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Saeed Ayed Alqahtani, Kathleen Burger, Samuel Potolicchio
(Department of Neurology, The School of Medicine and Health Sciences, The George Washington University, Washington DC, USA)
Am J Case Rep 2015; 16:393-397
Cocaine use is a well-known contributing factor for both ischemic and hemorrhagic stroke; however, basilar artery thrombosis due to cocaine use is a rare entity with few cases reported in the literature.
CASE REPORT: A 75-year-old African-American man with history of hypertension and cocaine use presented to the emergency room with coma. Neurological examination revealed asymmetrical dilated pupils and preserved oculocephalic and gag reflexes. The patient was noted to have semi-rhythmic jerking movement of the right arm and extensor posturing in response to noxious stimuli. Non-contrast computed tomography (CT) of the brain showed hyperdense basilar sign consistent with acute thrombosis. On brain magnetic resonance imaging (MRI), he was found to have bilateral pons acute ischemic stroke with early petechial hemorrhagic conversion. His laboratory work-up was unremarkable except for positive cocaine in the urine toxicology screen test.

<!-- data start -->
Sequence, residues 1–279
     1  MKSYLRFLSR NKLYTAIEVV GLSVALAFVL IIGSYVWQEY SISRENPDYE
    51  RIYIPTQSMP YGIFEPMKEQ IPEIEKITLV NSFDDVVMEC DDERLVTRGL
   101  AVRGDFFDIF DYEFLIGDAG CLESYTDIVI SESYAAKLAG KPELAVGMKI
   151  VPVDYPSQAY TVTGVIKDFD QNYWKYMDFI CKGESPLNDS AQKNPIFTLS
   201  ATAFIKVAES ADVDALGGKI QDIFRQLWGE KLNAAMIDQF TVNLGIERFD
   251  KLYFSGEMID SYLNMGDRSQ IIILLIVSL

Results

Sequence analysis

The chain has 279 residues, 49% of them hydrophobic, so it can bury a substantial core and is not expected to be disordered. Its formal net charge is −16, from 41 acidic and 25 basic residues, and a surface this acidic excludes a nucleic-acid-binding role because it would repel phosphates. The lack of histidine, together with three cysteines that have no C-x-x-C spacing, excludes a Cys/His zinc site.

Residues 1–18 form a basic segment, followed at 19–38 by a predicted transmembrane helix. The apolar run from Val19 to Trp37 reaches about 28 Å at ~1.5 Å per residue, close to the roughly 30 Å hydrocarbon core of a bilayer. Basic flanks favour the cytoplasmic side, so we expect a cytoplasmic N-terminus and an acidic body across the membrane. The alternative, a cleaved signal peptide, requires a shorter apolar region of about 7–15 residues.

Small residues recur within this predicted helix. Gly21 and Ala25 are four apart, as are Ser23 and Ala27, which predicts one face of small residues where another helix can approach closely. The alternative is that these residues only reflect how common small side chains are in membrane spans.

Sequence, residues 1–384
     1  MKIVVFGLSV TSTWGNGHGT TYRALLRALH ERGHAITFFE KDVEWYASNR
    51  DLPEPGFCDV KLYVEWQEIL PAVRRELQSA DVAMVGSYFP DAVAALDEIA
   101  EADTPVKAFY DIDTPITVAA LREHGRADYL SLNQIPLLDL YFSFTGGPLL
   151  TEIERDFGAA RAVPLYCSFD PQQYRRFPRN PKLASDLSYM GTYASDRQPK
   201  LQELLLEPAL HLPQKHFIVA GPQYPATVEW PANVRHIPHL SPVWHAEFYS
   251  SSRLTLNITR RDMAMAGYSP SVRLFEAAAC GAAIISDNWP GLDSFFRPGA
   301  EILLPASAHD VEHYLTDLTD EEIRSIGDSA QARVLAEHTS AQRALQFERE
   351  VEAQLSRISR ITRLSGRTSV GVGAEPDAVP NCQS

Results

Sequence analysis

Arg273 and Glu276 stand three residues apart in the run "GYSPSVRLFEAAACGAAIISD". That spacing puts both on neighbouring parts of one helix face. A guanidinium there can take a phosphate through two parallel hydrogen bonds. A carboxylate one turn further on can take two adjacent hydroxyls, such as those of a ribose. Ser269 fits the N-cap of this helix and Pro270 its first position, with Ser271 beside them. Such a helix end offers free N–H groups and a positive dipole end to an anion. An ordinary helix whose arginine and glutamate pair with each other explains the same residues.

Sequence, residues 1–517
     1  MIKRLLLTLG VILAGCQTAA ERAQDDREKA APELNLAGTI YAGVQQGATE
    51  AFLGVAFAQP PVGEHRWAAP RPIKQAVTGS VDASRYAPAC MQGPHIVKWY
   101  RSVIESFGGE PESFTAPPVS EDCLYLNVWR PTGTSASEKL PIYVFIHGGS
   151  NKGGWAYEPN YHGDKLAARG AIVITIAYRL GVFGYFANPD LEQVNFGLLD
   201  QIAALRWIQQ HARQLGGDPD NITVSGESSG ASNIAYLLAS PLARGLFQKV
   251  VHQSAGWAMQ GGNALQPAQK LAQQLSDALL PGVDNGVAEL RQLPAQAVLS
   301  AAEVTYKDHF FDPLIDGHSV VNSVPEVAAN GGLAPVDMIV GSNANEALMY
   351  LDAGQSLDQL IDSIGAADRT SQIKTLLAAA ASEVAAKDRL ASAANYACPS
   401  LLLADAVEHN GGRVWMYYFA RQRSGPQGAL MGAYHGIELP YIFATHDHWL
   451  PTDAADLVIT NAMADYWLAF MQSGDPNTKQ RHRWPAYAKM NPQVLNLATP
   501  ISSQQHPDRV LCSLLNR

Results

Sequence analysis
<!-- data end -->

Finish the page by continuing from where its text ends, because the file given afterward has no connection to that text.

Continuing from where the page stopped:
CONCLUSIONS: Cocaine is a common global illicit drug that may trigger acute basilar artery thrombosis leading to a catastrophic neurological outcome.